Tar

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Description:
Tar is modified pitch produced primarily from the wood and roots of pine by destructive distillation under pyrolysis. Production and trade in tar was a major contributor in the economies of Northern Europe and Colonial America. Its main use was in preserving wooden vessels against rot. The largest user was the Royal Navy. Demand for tar declined with the advent of iron and steel ships.

Tar-like products can also be produced from other forms of organic matter such as peat. Mineral products resembling tar can be produced from fossil hydrocarbon including petroleum. Coal tar is produced from coal as a byproduct of coke production. Bitumen is a term used for natural deposits of oil "tar" - such as at the La Brea Tar Pits.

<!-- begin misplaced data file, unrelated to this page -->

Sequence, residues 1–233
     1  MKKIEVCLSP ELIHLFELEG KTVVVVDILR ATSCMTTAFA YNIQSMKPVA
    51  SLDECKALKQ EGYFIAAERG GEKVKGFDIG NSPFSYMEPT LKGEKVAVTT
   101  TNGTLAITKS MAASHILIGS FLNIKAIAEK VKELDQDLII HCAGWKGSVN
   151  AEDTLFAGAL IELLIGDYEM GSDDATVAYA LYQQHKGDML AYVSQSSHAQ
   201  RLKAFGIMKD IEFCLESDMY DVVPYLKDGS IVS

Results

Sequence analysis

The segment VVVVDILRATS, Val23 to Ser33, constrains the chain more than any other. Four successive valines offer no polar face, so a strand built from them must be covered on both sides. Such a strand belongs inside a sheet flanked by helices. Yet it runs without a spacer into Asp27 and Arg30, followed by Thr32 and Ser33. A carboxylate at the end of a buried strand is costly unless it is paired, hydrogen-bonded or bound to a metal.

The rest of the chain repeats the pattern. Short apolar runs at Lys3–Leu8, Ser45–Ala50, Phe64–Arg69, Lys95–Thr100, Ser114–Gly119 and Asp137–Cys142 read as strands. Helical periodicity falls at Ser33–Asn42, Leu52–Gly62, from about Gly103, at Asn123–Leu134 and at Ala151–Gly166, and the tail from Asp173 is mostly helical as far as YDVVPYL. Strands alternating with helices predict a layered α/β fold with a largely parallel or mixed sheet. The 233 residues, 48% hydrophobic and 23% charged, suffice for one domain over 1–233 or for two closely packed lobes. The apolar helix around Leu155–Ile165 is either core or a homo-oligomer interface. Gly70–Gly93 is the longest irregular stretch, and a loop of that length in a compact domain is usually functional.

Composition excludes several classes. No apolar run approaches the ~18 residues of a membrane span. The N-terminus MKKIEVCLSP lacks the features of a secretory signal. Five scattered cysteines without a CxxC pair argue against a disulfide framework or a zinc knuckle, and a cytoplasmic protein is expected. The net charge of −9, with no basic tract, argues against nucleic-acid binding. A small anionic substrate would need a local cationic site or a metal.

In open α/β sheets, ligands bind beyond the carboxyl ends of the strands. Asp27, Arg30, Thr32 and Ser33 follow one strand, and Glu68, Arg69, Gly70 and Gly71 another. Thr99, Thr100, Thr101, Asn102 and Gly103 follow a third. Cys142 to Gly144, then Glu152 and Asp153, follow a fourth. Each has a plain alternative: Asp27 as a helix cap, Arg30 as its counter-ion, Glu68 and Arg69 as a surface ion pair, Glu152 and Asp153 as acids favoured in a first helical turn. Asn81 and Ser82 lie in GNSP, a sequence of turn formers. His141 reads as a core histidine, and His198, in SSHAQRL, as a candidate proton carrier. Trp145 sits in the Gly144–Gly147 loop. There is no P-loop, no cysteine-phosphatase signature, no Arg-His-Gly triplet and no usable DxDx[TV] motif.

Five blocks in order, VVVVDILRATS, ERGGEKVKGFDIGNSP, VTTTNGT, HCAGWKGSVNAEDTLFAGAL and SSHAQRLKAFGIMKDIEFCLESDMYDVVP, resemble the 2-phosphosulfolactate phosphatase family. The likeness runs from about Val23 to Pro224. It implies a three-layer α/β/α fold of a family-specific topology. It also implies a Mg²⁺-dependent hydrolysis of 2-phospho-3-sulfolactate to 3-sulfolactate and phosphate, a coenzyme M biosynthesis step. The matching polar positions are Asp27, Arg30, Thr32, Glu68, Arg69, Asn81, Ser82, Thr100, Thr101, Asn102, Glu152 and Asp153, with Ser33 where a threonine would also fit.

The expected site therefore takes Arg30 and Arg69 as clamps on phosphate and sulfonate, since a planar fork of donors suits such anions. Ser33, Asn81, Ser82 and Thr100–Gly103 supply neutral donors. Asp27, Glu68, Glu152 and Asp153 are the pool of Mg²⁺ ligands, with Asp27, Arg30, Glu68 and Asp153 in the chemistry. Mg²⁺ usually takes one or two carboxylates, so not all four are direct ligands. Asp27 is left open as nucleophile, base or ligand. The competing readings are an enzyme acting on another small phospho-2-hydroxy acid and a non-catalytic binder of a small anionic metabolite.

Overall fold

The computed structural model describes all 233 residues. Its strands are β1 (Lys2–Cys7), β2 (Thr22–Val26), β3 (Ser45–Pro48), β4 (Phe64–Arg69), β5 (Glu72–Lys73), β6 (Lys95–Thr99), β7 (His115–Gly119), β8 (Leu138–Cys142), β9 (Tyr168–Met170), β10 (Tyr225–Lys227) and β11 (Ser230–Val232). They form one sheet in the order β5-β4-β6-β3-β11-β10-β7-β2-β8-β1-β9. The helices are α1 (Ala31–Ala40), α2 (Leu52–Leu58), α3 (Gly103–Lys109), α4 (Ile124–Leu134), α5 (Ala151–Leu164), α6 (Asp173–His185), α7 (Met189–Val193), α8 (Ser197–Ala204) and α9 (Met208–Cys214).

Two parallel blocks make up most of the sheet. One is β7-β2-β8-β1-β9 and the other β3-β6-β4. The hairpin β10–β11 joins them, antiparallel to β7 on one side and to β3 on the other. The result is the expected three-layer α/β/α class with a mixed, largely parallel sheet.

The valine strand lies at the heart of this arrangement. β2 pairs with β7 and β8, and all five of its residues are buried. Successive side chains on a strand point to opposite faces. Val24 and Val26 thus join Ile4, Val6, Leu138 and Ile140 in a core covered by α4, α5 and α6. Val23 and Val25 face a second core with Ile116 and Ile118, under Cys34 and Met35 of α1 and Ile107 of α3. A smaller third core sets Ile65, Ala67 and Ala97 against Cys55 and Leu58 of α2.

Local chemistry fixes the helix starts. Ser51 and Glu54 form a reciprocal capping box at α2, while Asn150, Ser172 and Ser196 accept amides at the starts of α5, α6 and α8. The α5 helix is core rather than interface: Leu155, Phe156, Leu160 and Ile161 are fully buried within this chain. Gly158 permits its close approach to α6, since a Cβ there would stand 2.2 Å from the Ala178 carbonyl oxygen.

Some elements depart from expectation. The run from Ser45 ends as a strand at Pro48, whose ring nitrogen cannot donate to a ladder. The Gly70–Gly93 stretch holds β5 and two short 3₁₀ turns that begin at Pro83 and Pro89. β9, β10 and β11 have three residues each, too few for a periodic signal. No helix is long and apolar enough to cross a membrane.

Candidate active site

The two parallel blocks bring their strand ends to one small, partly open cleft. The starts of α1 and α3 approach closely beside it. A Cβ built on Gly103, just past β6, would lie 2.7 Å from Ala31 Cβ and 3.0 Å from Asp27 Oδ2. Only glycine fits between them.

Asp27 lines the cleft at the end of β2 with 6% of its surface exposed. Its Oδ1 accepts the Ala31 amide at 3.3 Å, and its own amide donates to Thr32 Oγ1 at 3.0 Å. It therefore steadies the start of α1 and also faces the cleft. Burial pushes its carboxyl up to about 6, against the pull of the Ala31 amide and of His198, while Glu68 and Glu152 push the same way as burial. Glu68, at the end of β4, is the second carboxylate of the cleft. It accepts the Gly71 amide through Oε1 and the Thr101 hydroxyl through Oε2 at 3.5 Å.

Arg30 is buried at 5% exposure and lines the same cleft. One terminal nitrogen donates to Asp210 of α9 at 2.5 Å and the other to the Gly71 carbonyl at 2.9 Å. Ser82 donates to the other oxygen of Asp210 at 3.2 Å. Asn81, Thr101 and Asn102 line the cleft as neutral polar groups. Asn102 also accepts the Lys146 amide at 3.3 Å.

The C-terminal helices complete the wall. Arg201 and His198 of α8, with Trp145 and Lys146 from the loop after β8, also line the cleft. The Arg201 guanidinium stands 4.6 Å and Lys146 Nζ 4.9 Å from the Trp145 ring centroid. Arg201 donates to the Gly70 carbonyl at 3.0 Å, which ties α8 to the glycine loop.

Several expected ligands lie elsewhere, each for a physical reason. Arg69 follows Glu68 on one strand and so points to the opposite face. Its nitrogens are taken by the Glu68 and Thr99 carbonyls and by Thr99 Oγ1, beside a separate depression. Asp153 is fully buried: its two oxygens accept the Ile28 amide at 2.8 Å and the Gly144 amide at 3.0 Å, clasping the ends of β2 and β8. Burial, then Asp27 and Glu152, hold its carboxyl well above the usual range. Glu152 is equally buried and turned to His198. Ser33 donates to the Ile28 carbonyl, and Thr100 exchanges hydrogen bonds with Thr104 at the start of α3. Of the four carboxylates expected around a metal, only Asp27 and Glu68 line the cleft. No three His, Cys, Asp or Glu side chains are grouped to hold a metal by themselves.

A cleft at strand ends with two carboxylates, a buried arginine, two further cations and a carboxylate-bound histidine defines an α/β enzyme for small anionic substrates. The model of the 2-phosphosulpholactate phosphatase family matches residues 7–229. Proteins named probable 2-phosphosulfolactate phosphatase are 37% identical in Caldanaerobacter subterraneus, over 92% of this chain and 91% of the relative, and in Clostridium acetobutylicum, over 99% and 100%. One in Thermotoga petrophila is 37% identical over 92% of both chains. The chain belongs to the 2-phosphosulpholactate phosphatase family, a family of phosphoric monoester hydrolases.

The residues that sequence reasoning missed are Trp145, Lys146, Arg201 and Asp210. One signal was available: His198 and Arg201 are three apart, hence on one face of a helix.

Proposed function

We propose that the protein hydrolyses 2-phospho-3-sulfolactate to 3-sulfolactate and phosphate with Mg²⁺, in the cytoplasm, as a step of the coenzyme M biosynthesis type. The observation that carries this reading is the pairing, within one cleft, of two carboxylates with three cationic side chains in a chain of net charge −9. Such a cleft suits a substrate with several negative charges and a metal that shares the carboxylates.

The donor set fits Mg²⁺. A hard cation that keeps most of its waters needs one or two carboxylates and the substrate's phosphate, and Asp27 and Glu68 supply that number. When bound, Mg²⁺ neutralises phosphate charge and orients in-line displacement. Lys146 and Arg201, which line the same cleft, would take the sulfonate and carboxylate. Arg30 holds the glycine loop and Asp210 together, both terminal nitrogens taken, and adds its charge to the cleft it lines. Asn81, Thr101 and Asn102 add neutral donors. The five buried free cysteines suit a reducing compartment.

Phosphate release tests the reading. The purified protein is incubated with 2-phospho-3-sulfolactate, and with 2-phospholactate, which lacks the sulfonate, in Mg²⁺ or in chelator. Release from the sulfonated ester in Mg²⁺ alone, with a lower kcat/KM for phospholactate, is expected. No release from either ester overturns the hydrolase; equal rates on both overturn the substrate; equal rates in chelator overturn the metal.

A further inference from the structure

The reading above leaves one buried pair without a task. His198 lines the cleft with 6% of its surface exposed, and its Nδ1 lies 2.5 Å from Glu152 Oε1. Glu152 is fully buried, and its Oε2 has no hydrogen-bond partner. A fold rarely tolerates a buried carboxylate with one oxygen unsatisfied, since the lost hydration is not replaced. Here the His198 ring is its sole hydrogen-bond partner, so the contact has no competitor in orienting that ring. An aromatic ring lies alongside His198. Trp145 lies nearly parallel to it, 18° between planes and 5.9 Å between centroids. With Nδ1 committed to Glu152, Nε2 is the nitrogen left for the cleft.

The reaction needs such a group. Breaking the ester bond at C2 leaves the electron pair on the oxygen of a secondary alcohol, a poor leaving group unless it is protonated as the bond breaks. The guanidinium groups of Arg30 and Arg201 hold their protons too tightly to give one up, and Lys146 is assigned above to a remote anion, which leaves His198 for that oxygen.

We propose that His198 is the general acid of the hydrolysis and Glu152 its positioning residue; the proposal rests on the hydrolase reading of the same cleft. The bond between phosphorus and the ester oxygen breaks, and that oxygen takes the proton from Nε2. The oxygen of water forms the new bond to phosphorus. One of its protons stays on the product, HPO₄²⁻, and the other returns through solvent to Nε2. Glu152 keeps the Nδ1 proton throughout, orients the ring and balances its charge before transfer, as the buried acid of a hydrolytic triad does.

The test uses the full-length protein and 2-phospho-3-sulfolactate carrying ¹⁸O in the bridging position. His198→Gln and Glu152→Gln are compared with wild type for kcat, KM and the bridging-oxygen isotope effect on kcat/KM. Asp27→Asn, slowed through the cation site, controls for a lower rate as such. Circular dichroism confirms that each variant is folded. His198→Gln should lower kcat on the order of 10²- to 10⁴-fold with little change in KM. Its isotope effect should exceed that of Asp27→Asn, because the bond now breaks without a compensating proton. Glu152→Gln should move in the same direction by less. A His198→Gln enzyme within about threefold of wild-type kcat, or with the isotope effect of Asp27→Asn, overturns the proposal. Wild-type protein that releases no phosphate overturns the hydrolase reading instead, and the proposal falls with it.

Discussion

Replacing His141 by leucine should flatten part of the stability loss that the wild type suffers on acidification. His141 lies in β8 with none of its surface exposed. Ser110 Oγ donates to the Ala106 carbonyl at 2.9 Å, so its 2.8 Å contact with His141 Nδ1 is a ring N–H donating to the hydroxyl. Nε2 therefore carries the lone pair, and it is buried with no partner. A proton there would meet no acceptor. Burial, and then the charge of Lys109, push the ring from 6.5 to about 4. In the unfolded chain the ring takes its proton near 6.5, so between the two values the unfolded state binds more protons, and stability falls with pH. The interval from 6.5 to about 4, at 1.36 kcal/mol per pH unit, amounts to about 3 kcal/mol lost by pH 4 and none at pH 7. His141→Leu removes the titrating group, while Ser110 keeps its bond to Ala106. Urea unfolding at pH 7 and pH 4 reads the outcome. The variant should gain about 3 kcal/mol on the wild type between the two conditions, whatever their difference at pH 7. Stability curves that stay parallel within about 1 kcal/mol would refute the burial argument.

Production

In Northern Europe, the word "tar" refers primarily to a substance that is derived from the wood and roots of pine. In earlier times it was often used as a water repellent coating for boats, ships, and roofs. It is still used as an additive in the flavoring of candy, alcohol and other foods. Wood tar is microbicidal and has a pleasant odor — a sweet musky scent much like that of barbecue. Producing tar from wood was known in ancient Greece, and has probably been used in Scandinavia since the Iron Age. For centuries, dating back at least to the 14th century, tar was among Sweden's most important exports. Sweden exported 13,000 barrels of tar in 1615 and 227,000 barrels in the peak year of 1863. Production nearly stopped in...
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